Let’s talk about some of the issues that come up with tenders, including the not so new trend of owning large, powerful, expensive “tenders” that are towed behind the yacht and the underwriters’ concerns about these boats:
Issue #1 – Is this really a tender?
A tender is defined as a vessel that is in service to the yacht. In the “old days”, a tender was a 13 foot Boston whaler with a 50
HP outboard (boy, I am showing my age). It was carried aboard the yacht. Today, there may be that 13 foot vessel carried aboard, that is definitely in the capacity of a tender. In addition may be the 36’ Contender with triple Yamaha outboards valued at $350,000 for the entire rig. This is not a tender. It is an additional vessel. The operation of this boat is typically not solely in service to the yacht. It is also not considered a tender simply because the “tender” is painted with “T/T Insert Yacht Name Here.” It is important to make sure that this vessel is properly added to the owner’s yacht policy. It is not automatically covered.
Issue #2 – Title
This issue normally comes up at closing or after there is a loss. Basically the insurance policy is written in the name of an insured. If that insured is a company, then the company also needs to be the owner of the tender. If the tender is titled to an individual, not the corporation that owns the yacht, then there could be an issue with coverage (the underwriter could find a reason to not pay a claim, and we do not want that). The simple solution is: make sure the tender is titled the same as the yacht, or if it is not, make sure the insurance policy agrees to endorse the owner as additional insured in respect of the tender.
Issue #3 – Is there a trailer that goes along with the tender?
Again, be sure this is added to the policy because it is not likely automatically covered.
Issue #4 – Is the tender kept separately from the yacht?
The underwriting of the yacht is based on specific information that includes where the yacht is kept, who looks after it, and how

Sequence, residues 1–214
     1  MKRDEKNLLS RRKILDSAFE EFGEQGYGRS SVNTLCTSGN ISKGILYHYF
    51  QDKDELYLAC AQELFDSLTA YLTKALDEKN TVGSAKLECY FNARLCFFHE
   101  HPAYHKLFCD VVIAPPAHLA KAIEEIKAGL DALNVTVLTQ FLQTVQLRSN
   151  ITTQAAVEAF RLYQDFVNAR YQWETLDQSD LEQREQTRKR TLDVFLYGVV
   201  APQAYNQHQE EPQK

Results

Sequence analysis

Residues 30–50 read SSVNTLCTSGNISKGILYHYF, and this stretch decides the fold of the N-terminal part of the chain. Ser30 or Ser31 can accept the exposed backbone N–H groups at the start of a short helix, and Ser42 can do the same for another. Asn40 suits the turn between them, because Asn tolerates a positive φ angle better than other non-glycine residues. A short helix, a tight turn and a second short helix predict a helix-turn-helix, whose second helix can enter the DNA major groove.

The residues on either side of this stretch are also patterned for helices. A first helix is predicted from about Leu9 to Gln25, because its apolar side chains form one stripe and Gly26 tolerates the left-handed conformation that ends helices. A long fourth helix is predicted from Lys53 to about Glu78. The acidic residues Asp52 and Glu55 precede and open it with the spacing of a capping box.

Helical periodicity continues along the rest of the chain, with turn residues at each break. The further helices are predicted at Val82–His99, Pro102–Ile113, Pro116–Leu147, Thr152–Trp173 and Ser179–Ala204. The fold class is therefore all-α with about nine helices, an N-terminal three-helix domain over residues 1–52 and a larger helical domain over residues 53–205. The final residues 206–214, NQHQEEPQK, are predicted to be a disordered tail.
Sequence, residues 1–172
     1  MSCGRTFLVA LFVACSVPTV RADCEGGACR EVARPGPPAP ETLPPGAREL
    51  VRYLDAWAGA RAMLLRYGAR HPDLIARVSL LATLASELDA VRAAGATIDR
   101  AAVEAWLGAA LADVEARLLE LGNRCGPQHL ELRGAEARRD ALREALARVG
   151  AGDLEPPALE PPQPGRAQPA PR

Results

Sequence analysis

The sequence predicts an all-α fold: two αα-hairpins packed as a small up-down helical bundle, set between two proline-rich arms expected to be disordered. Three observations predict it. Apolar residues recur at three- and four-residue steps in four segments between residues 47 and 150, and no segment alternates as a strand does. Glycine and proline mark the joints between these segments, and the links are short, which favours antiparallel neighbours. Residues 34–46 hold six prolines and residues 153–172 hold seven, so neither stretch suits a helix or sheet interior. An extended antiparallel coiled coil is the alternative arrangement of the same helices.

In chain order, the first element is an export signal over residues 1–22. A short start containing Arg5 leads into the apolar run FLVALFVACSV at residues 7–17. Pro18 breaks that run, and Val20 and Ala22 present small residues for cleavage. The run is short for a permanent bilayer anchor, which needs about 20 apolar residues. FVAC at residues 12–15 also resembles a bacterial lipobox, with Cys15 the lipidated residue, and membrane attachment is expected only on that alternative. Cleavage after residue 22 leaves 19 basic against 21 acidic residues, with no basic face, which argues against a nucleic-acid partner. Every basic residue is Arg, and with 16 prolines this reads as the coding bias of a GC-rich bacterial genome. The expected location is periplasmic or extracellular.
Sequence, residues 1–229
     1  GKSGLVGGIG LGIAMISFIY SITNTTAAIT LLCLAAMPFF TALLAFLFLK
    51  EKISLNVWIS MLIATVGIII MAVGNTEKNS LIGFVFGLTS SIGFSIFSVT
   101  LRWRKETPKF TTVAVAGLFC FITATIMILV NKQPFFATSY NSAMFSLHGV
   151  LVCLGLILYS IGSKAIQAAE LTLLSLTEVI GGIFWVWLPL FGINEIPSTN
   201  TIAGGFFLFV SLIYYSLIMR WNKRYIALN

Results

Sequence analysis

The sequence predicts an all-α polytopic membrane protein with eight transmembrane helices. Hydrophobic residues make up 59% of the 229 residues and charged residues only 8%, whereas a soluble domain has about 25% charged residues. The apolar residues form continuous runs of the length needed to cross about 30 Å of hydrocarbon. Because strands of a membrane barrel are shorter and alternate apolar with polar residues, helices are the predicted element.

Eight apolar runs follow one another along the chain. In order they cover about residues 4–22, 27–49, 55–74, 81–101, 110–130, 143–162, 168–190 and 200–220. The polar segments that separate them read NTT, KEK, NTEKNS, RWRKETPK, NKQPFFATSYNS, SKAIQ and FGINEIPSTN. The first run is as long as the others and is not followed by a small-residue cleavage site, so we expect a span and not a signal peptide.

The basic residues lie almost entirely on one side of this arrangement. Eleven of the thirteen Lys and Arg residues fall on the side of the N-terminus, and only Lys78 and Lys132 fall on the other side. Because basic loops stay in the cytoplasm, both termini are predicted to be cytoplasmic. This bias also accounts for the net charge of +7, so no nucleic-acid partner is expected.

it is protected from storms, theft, or other bad things that could happen. If the tender is kept elsewhere (say the owner’s second home), then it is a material fact that needs to be given to underwriters so they can approve that additional location for this boat.
Issue #5 – Towing
Towing a $300,000 asset behind the yacht has become the norm. The majority of these vessels are too large to be carried aboard the yacht, so towing arrangements are made. Most insurers will warrant (require) that a professionally made towing bridle be used, that the tow is monitored while in navigation, and that it is not towed in more than a certain sea or wind condition (Force 4). There have been many of these tenders lost while being towed, so it is a very important aspect to stress to the captain how important it is to take care of this property. It is the owner’s claims record, and while it may be an inconvenience to the captain or crew to lose the tender, that claim will follow the owner for a number of years and affect his insurability. Further issues come from a smaller yacht (for example 70’ Sportfish) wanting to tow a tender of say 35 feet. The majority of underwriters use a scale of 30%. They do not want a yacht to tow anything larger than 30% of the size of the yacht. This is for seaworthy reasons, as the tow could become unmanageable in difficult sea conditions and the tender cut loose (oh well, there it goes) and again an underwriter ends up with a major loss.
Lastly, is the issue of proper crew while a tow is occurring. Short manning on a large yacht puts strains on the crew. A tow needs to be properly monitored not just while at sea, but also going from port to port. Having enough crew, and crew trained in the operation of the tender they are being asked to run is an issue that yacht underwriters will look at when reviewing a risk. Issue #6 – Operation
Tenders have gone from a transport or service vessel to a powerful additional vessel. A triple outboard tender that may have the ability to reach speed of 65 to 70 Kts needs a person who has some level of experience before they are just given the keys. In most cases, the underwriters review the experience of the captain and the captain is then allowed to give authority to his crew to operate this vessel as required. Some policies may restrict the operator on the fast tender (a named operator clause) so that only they are allowed to run the boat. We all know of very serious claims that have occurred because of tenders being operated by crew or owners who were not competent, either because of a lack of experience, or because of impairment. Yachting is supposed to be fun, but there is risk involved and insurance underwriters look to the captain to make good decisions to protect the people on board and the passengers and crew as well.
Laura Sherrod is Senior Vice-President of Atlass Special Risks in Ft Lauderdale, FL. She has specialized in yacht insurance placement for over 25 years, working directly with yacht brokers, clients, captains, underwriters, and agents. She now manages a wholesale marine insurance agency that provides insurance programs for independent agents around the world.
This article is summary in nature for more information contact Laura at: email@example.com 954-525-0582
Atlas Insurance, 1300 S.E. 17th St., #220, Ft. Lauderdale, FL 33316 www.atlassinsurance.com